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JIM LEHRER: And finally tonight, some analysis by Shields and Brooks– syndicated columnist Mark Shields and David Brooks of The Weekly Standard. David, campaign finance reform. Let’s begin where we are now and work forward. Is it going to pass the Senate and will the President sign it if it does?
DAVID BROOKS: I think the likely answer is yes and yes. There is some muddle in the Senate whether they have 60 votes to prevent a filibuster. I think it is quite likely they’ll get the 60 votes and I think it’s quite likely that President Bush will sign it, sign it for a couple of reasons: One, a distraction. The guy is fighting a war. He doesn’t need this. Two, I think it massively helps him as David Broder wrote today in The Washington Post, massively helps him get reelected and three, it does help with independent voters.
JIM LEHRER: Senator McConnell was on the program last night, Mark. And he’s the guy who would lead a filibuster if there is one. And he kind of that an open issue. In fact, he backed off of it a bit. What do you hear?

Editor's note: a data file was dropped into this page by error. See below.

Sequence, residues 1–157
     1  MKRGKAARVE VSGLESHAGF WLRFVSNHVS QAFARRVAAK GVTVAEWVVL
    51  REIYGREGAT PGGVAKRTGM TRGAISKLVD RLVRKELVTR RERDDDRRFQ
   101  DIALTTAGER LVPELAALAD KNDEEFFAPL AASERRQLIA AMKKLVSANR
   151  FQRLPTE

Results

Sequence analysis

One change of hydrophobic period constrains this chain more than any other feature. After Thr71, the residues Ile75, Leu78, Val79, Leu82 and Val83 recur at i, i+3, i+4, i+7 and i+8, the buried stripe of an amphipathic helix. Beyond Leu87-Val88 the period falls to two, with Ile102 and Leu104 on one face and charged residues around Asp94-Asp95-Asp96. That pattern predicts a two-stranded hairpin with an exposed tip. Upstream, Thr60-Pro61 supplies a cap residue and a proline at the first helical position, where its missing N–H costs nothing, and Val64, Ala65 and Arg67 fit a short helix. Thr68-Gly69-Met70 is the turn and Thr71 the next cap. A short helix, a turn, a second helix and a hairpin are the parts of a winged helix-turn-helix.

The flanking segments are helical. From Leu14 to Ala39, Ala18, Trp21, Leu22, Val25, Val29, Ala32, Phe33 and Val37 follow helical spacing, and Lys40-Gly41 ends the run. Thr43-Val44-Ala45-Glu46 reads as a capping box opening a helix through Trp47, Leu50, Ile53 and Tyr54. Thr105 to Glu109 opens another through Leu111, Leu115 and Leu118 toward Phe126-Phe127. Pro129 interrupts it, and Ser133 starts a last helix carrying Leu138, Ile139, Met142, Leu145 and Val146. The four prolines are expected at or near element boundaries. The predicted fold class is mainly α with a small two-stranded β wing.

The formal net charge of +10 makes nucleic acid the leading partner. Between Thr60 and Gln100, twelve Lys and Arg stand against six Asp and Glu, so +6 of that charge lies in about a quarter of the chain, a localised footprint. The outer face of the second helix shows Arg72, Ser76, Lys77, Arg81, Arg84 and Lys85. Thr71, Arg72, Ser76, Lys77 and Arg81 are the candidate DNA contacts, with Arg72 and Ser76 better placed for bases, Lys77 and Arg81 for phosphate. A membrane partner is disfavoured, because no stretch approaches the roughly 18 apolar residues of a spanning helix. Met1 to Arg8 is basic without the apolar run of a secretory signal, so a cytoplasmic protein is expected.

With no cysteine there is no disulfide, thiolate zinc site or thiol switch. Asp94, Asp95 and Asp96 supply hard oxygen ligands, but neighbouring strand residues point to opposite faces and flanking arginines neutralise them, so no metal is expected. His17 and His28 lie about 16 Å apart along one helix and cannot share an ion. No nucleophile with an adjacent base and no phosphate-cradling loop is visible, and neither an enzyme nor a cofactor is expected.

MARK SHIELDS: He certainly did, Jim. And Mitch McConnell is running for whip. The Republicans in the Senate in their wisdom term-limited all their leadership positions except that of leader itself. And so he is running for the Senate Whip’s job. And I think he may have other fish to fry this time. He is not going to fall on his sword — just stand at the rams all by himself. I think President Bush made it very difficult for Republicans who have in the past, in any way supported campaign finance reform by sort of an indecisive stop and start position on the House Republicans. And so Senate Republicans look at it and say wait a minute, if there is going to be a Rose Garden ceremony anyway, as David suggested there would be, why should I just, you know, kind of stand here in the way of history and momentum and my own President at 85% approval — I think it is going to go through and I think a Senator like Gordon Smith of Oregon who’s up for reelection, doesn’t want to be in a position, Jim, with a company in Oregon owned by Enron where the employees lost their lives savings of being part of a filibuster to stop campaign finance reform.